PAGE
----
Wednesday, January 27, 2010

Help, I've Lost my Vowels

Trying to teach students to read Middle English makes me acutely aware that I have a strong and "non-standard" accent as an English speaker ("Non-standard" compared to people who write pronunciation guides for Chaucer, anyway). I've "lost" a lot of vowel sounds, and since I don't say them, I'm never sure when I should be saying them in Middle English and such, if that makes sense. (Except when I say "lost" there I mean "I never had them in the first place.") And how to say them?

If I'm looking at an "a" and the book says to pronounce it like "father," but I don't say the same vowel in "father" that the writer of the book did, how do I say the vowel?

Here's an example. The Riverside gives two different ways of saying the a sound, one as in father (but fronted, what?), and one as in the German Mann. They both sound like the same vowel to me. Father, Mann (not Man in English; that's a different one for me). So how do I do the Middle English? I can't find the modern vowel, how do I find the 600 year old one?

Here's another one. There's an O that's supposed to sound like "broad" and a different O that's supposed to sound like "hot." But I don't pronounce those differently. (This is my cot/caught deficiency.)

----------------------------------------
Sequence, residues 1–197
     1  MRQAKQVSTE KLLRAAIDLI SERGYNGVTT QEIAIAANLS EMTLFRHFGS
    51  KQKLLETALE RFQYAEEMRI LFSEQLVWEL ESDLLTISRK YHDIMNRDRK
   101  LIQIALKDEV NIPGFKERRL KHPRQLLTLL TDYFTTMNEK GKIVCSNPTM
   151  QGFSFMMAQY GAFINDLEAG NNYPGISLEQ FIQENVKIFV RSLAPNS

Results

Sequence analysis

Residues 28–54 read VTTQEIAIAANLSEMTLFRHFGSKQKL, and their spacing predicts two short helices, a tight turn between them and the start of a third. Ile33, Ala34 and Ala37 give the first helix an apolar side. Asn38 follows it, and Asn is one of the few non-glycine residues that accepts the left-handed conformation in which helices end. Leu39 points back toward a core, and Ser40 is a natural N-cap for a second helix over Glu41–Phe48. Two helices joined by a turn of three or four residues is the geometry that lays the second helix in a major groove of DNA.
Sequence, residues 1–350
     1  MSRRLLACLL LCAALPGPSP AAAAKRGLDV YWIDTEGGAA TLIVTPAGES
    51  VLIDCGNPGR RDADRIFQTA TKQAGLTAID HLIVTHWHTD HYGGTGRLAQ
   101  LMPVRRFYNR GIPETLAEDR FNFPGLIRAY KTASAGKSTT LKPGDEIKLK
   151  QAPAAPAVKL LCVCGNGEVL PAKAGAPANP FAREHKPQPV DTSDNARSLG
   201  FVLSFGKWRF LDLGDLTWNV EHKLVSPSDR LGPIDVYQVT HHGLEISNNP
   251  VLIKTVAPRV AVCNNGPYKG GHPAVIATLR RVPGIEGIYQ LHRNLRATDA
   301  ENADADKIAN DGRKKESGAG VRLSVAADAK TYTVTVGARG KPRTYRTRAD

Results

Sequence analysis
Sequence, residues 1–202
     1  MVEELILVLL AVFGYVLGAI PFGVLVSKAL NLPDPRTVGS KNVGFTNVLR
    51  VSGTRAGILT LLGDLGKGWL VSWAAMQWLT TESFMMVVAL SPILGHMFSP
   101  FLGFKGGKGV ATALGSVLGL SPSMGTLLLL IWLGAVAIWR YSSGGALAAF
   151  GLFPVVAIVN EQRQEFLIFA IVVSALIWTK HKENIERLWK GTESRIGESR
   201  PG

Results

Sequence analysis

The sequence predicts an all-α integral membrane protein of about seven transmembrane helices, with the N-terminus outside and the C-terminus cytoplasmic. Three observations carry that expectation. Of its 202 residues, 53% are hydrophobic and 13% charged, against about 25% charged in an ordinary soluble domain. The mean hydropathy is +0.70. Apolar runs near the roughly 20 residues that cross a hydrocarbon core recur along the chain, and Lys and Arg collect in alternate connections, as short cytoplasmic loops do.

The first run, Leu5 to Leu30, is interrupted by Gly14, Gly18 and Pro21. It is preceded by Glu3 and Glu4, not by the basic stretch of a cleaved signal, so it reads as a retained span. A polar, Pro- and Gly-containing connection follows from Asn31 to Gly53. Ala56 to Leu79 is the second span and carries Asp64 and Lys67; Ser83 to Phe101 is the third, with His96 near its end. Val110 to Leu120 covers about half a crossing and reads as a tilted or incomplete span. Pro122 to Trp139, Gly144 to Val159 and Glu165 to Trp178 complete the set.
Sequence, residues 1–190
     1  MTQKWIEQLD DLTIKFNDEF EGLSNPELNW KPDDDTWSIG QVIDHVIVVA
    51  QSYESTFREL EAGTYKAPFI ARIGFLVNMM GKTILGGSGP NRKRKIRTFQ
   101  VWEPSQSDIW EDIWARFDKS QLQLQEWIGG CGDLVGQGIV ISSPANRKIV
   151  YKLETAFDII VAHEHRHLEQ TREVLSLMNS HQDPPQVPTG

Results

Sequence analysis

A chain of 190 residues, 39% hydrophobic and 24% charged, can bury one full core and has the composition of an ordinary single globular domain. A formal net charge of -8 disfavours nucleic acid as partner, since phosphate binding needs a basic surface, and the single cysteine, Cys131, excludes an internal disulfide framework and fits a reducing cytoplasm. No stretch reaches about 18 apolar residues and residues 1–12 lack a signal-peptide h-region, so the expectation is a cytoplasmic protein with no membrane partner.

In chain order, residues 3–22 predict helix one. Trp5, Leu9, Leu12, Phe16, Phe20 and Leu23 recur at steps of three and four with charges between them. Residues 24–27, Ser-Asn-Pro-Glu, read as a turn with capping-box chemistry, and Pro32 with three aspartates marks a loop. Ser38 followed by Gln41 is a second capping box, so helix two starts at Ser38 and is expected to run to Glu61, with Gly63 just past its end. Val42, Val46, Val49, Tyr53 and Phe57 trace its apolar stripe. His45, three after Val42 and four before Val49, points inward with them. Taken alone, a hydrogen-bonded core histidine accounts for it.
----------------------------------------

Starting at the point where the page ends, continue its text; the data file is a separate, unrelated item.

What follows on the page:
I supposed I should be grateful that I do have pin/pen differences, or I'd have to specify a sewing pin or an ink pen at the store.


  1. Pronunciation guides that use other words as reference are just so much no-fun was it was to learn the international phonetic alphabet, it does make other things easier. If people would use them, that is. And if people would use only the symbols I know, come to think of it. Last time I taught History of the English Language I spent an afternoon trying to figure out what a "closed e" was.

    All of which to say, I'm nodding along with this post (but also experiencing the same problem you're writing about, as I'm not sure I'm imagining the pronunciations for father and mann that you have!)

  2. This is one of the few times when being from Scott County, Arkansas is actually helpful -- our vowels match Chaucer's in many places, to my students' delight.

    Also, much of Chaucer's lexicon is also ours: bait (for fill up, get fed up)and yonder, ask as axe; a number of others.

    "Read it out loud," I tell my students. "It'll make perfect sense then."

    Which it does, even with the pin/pen issue.

  3. Riverside gives IPA symbols, too, doesn't it? If so, there's an interactive IPA chart with sound files here:

  4. Oh, and the difference between "father" and "Mann" is largely one of length -- as in actual quantity of time. The quality of the sound is pretty similar.

  5. Thanks all, for the helpful words.

    Dr. Virago, that interactive thing is SO cool! I put a link to it on the computer thing for my Chaucer students AND sent it to my linguist friend. I spent way too much time clicking and hearing the vowels. Thanks!